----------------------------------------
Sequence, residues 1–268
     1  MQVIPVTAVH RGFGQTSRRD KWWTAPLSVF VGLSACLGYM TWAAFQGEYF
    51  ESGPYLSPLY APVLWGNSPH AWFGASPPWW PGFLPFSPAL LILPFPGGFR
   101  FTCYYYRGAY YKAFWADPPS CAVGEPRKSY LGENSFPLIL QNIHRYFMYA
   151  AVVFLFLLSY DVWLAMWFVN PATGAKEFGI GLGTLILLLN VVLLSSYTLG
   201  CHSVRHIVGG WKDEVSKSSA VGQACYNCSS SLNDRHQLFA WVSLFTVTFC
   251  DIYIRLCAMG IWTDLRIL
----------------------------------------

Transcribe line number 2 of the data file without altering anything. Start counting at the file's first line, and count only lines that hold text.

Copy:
     1  MQVIPVTAVH RGFGQTSRRD KWWTAPLSVF VGLSACLGYM TWAAFQGEYF